Madraset El Moshaghbeen review: Why Adel Emam's play remains an Eid classic 50 years on

The 1971 theatre production set in a Cairo high school was inspired by the British film To Sir, with Love

Egyptian actors Hassan Mostafa and Adel Imam star in Madraset El Moshaghbeen (The School of Mischief). Photo: YouTube
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What does a zany Egyptian theatrical production of Madraset El Moshaghbeen have to do with the annual Eid Al Fitr holidays? Nothing and everything at the same time.

Ever since the televised version of the play by Ali Salem made its premiere on Egyptian state television in 1971, the repeat showings have become a mainstay of the holiday season across regional broadcasters.

In 2021, the black-and-white production was streamed in colour after it was picked up by Netflix. The title is likely to creep, once again, up the streaming platform’s top 10 list as the holidays begin in earnest next week.

Set in the classroom of a Cairo high school, Madraset El Moshaghbeen (School of Mischief) features Egyptian comic stalwarts Adel Emam, Saeed Saleh and Younes Shalaby, as well as a young Ahmed Zaki and the seasoned Hassan Mostafa, who was on his way to becoming a star at the time. They play a group of troublesome students who can only be controlled through the unorthodox methods of new teacher Effat (played by Soheir El Bably).

The plot may sound familiar as it's partly inspired by the 1967 British film To Sir, with Love starring Sidney Poitier. The rebellious youth in Madraset El Moshaghbeen have largely given up, with some even failing to graduate school after more than a decade. Hence it is time to enlist Effat, who is stern yet enlightened.

Her methods, which focus on interactive activities and transforming the classroom into a forum where students can express themselves, reinvigorates the characters while also getting laughs at a cracking pace. Playing the ring leaders of the classroom, Emam, Shalaby and Saleh each bring distinctive approaches to their most memorable characters.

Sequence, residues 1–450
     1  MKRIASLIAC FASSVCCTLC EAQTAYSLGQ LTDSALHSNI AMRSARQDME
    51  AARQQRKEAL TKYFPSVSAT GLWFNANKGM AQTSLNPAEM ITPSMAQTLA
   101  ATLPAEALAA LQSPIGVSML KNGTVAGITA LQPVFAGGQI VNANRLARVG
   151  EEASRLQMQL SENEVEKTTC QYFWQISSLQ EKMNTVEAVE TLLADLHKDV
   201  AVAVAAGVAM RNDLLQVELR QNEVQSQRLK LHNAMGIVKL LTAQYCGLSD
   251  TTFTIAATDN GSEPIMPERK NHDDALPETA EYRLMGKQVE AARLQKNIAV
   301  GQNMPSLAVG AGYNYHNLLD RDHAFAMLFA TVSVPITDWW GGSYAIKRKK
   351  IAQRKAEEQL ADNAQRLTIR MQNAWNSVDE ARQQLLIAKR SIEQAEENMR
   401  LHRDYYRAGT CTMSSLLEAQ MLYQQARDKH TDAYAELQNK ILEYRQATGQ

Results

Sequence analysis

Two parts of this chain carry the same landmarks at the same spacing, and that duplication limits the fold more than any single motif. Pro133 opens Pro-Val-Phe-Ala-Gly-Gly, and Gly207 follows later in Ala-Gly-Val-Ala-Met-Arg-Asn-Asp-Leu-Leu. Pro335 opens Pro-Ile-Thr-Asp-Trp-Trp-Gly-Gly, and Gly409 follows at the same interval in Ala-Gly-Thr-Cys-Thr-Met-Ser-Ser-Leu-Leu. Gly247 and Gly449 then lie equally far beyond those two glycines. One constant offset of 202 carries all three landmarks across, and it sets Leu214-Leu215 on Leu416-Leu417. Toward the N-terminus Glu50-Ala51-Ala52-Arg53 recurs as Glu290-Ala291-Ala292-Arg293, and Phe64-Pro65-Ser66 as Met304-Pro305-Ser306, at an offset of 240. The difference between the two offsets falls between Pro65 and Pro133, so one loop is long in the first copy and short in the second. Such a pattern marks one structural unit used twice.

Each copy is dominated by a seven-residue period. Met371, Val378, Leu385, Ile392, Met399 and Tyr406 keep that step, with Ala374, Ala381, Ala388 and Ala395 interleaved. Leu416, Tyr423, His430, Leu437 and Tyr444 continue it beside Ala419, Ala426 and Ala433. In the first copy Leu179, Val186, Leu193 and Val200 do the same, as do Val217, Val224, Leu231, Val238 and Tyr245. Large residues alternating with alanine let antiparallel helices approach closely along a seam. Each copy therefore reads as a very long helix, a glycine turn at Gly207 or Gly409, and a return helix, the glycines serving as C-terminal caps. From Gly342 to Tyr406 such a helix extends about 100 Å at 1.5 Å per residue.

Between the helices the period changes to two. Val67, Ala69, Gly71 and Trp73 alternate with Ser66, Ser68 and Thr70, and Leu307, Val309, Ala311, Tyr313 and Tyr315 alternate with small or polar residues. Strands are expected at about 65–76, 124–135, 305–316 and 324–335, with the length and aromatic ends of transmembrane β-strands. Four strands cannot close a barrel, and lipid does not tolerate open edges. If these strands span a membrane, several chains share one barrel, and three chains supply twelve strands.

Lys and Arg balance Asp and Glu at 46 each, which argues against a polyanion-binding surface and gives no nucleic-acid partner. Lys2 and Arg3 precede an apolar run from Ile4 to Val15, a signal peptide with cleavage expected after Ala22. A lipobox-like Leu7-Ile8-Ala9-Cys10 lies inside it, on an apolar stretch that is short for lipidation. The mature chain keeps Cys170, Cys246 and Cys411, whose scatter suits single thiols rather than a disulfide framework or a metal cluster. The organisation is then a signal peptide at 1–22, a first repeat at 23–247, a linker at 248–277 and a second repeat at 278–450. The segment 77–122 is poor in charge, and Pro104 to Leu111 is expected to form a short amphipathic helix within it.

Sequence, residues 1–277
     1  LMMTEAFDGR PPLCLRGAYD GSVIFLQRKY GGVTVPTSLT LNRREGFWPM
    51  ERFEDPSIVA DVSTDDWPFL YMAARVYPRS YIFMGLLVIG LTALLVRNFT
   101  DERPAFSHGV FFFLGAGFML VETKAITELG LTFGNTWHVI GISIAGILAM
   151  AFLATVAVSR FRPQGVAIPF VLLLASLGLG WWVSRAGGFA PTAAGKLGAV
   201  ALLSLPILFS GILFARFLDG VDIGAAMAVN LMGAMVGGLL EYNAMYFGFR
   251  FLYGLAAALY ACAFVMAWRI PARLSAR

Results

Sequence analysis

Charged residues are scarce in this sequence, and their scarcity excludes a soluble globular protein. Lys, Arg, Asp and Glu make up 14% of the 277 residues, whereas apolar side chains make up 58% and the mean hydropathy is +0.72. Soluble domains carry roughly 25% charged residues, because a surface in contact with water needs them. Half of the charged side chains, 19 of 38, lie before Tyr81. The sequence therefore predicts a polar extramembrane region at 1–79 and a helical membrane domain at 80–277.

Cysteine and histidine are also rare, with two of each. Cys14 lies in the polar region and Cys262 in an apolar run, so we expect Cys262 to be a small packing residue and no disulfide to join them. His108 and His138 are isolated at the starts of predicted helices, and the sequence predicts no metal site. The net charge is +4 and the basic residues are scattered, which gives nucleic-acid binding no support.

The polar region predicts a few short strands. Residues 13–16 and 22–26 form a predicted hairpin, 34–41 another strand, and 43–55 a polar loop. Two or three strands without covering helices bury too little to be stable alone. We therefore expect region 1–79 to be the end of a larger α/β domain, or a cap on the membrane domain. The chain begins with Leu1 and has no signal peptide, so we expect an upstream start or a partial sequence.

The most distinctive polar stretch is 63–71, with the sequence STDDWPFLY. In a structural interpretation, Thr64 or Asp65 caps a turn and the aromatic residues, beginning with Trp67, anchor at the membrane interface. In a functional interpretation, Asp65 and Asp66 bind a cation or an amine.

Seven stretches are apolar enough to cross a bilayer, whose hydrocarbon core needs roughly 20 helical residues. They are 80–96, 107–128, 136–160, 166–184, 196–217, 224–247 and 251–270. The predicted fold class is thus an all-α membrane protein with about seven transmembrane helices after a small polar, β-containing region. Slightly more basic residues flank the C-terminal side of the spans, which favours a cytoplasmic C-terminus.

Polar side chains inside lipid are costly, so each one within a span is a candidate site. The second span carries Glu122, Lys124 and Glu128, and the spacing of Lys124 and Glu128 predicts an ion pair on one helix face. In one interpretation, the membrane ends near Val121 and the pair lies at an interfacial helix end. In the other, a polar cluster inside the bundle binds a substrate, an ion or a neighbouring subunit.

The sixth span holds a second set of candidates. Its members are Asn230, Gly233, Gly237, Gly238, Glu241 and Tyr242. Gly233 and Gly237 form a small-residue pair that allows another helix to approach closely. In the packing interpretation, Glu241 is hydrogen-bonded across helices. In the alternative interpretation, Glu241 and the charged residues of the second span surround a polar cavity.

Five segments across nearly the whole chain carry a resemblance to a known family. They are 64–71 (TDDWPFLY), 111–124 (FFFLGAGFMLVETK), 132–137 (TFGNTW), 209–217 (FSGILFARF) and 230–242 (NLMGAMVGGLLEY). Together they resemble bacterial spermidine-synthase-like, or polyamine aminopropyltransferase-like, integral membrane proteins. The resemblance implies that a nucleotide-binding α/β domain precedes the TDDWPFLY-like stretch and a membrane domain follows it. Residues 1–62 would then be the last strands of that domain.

Iman is Bahgat, a student who is quick to offer both pithy insults to his teacher and surprisingly sage observations about social ills and moral disorder. Meanwhile, Saleh plays Morsi, a neurotic fireball with the kind of explosive temperament and sensitivity reminiscent of Seinfeld's George Costanza.

Classroom skirmishes serve as metaphors for greater issues beyond school life. It is this subtle commentary, skilfully arranged by acclaimed playwright and poet Salem, that allows Madraset El Moshaghbeen to be hailed as an influential and even important piece of Egyptian theatre.

Effat's people-centric approach as an educator can be viewed as a subtle reproach of outdated education systems of the time that prized conformity over building and celebrating individual strength. The students' rebellious nature and no-holds-barred conversations are a way for Salem to comment on the social inequality plaguing Arab society.

While the storyline is a standard trope for high school-based narratives, Madraset El Moshaghbeen succeeds because of its energy, symbolising the golden era of Egyptian theatre – a 30-year period that ended in the early 1980s.

It is this sense of nostalgia that helped propel the production to become an Eid staple. Its role as good-natured family entertainment helps it remain as such, alongside 1976’s Al Motazawegoon and 1979’s El Eyal Kebret. Its other themes of family and societal unity – as the play concludes with all conflicts resolved – also echoes one of Eid Al Fitr’s central messages of reconciliation.

More than five decades on, Madraset El Moshaghbeen remains timeless.

Updated: April 05, 2024, 6:02 PM